Are there any groups of virus developers around anymore? Like 29A group and bunch of other groups few years ago. They never released their codes, never used then to steal data etc.

  • 12
    No, they all got jobs with the Mafia and Governments. – rook Aug 7 '12 at 2:45
  • 1
    Virus devs used to show off by writing code that did as much damage as they could. They kinda got "props" for it. Now virus writers build bot nets and rent them out to make money. It's not so much a meritocracy anymore, but more of a business model. You make money by NOT damaging a computer. So the answer above, is both snarky AND accurate. – Everett Aug 7 '12 at 4:20
  • @Rook vxheaven.org/links.php – NULLZ Jul 17 '13 at 3:55

Short answer: probably.

Longer answer:

Probably, but these aren't the guys making the money or pushing the limits of the field. Malware has become an extremely commercial business, partly because so many activities in our lives are now controlled by or performed on computers. Social networking and online business have made the internet a haven of personal information and criminal potential. It's known that more successful malware campaigns can raise millions per year for an operator, and the cleanup operations and cost to consumers in the US alone exceeds $2.3bn per year.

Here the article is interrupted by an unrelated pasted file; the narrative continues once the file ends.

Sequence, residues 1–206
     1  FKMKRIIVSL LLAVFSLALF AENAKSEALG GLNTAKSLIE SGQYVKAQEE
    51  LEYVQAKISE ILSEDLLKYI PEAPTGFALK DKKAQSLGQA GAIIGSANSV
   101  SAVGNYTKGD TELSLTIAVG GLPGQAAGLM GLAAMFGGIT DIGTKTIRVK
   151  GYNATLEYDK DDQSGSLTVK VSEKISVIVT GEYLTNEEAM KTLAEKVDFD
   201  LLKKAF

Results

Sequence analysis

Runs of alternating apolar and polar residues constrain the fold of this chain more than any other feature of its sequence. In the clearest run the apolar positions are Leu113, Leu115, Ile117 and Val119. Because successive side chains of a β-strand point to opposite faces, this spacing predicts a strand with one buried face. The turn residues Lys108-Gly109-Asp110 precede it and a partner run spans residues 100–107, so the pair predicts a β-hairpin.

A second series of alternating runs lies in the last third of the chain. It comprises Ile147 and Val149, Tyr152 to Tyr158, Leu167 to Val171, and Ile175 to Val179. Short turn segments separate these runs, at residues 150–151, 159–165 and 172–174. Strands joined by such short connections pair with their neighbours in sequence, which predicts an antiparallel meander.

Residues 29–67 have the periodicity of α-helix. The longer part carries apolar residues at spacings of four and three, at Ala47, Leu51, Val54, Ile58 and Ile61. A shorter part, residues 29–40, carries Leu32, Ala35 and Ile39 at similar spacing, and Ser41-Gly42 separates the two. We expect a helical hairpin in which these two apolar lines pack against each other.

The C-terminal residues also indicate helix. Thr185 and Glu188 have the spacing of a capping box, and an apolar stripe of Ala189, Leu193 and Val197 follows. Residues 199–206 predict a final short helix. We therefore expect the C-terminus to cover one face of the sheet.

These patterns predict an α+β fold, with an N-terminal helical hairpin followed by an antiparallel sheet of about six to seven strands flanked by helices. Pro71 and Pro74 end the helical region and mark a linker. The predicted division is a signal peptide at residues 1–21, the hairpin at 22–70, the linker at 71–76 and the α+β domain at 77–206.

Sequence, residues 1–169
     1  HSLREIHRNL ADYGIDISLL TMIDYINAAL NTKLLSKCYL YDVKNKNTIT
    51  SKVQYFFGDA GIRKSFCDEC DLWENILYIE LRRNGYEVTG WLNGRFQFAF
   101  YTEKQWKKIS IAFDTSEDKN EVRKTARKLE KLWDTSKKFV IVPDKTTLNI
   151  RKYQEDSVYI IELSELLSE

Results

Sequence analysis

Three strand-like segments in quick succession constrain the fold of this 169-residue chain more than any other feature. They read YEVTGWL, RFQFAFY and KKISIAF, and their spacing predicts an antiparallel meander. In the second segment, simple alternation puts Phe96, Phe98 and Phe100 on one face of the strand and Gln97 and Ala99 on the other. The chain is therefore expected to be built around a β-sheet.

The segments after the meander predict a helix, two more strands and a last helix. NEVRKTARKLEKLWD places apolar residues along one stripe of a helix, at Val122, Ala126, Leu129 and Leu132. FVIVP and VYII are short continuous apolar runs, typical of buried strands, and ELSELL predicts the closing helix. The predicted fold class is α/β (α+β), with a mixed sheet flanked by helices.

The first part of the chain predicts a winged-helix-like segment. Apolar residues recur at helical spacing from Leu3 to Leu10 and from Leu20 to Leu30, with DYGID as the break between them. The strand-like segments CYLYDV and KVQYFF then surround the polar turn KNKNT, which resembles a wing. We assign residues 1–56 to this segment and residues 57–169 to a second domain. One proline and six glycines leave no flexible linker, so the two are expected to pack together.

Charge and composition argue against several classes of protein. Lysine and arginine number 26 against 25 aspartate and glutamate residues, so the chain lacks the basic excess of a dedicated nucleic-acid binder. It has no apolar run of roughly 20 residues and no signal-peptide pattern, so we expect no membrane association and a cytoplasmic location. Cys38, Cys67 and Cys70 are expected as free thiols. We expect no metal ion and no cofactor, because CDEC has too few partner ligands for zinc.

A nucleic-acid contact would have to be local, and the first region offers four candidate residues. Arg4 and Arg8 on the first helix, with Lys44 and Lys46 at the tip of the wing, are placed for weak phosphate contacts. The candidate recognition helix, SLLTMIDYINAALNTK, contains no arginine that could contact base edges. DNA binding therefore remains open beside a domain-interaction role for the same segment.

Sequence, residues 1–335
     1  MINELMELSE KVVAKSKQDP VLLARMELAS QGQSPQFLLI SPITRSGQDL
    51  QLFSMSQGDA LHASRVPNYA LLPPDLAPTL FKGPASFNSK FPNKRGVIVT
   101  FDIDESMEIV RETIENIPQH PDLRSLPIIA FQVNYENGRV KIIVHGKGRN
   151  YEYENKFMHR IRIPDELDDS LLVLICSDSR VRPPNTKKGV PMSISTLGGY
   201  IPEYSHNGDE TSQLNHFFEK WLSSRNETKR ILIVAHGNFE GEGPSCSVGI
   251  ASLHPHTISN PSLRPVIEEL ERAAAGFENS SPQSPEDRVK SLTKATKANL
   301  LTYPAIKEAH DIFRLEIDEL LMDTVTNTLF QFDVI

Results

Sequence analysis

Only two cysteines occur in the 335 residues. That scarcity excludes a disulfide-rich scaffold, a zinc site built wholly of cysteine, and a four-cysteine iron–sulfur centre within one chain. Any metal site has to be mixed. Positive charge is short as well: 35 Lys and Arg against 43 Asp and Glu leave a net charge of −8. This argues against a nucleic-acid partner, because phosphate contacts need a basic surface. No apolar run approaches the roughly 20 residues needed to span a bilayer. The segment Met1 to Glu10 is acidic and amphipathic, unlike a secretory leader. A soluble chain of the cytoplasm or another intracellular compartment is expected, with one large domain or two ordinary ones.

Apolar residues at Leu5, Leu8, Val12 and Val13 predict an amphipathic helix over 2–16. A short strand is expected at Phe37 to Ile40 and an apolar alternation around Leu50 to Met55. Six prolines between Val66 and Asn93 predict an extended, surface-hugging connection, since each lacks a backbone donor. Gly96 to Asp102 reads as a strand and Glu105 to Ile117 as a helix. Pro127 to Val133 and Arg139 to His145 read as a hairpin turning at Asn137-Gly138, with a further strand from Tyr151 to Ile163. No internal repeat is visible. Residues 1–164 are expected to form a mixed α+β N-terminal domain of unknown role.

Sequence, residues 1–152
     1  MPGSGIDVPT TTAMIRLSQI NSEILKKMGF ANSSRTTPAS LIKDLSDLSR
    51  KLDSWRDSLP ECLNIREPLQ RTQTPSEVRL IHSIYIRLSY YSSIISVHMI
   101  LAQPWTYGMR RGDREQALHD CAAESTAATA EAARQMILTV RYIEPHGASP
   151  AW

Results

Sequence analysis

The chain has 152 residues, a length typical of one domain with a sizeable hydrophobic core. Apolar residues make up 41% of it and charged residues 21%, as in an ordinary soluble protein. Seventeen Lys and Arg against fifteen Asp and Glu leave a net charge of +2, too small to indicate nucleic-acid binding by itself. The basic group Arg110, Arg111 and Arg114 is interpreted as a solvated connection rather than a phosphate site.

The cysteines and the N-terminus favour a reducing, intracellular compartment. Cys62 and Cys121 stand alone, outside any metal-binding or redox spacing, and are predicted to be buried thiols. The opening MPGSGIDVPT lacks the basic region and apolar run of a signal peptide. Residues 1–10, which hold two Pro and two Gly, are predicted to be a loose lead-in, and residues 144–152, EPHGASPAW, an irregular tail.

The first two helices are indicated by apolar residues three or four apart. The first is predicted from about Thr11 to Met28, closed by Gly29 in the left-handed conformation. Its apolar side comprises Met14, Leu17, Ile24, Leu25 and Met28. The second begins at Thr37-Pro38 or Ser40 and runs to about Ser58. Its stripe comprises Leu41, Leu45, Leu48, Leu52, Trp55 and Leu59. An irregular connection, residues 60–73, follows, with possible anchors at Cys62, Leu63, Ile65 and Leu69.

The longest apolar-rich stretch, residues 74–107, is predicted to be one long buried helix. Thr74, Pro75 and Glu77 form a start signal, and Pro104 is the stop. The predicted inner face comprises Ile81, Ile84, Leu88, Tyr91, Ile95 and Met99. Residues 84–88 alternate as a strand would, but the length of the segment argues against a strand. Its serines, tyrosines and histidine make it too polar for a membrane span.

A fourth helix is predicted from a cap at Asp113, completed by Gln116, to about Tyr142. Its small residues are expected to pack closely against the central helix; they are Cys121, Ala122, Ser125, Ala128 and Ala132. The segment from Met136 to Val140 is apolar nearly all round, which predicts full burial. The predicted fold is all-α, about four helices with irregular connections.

Just a few things malware usually involves:

  • Capturing financial information (e.g. credit card numbers) for fraud or sale.
  • Capturing personal information (name, address, etc.) for sale.
  • Sending spam messages via email or social media.
  • Hosting phishing sites.
  • Spam popups.
  • DDoS attacks.
  • Clickjacking / Cost-per-click advertising fraud.
  • Scareware ("your computer is INFECTED! click here to remove for $20")

All of the above can either be used to make money, or prevent competitors from making money. The trick, in every case, is to keep the malware on the system undetected as long as possible. Once a user notices something is wrong, they'll take steps to find and remove the infection. As such, the malware writers try to be as sneaky and silent as possible.

Corporate and government sponsored malware is also on the rise. The Stuxnet worm (and Flame) are thought to have been written, or heavily funded by, a government agency. There's a good chance that there are a team of malware writers working for your government. They get paid to produce malware that hinders their economic and political opponents.

So, the conclusion is that even if these groups do still exist, which I'm sure they probably do in some small form or another, they're not doing anything particularly interesting. The real work is being done buy the guys that get paid to do it, either by themselves, or by governments and unscrupulous companies.

  • Search 'VX scene'... The 'VXers' are the guys who write code for fun but estimates say around 50 of em are still active... – NULLZ Jul 17 '13 at 1:36

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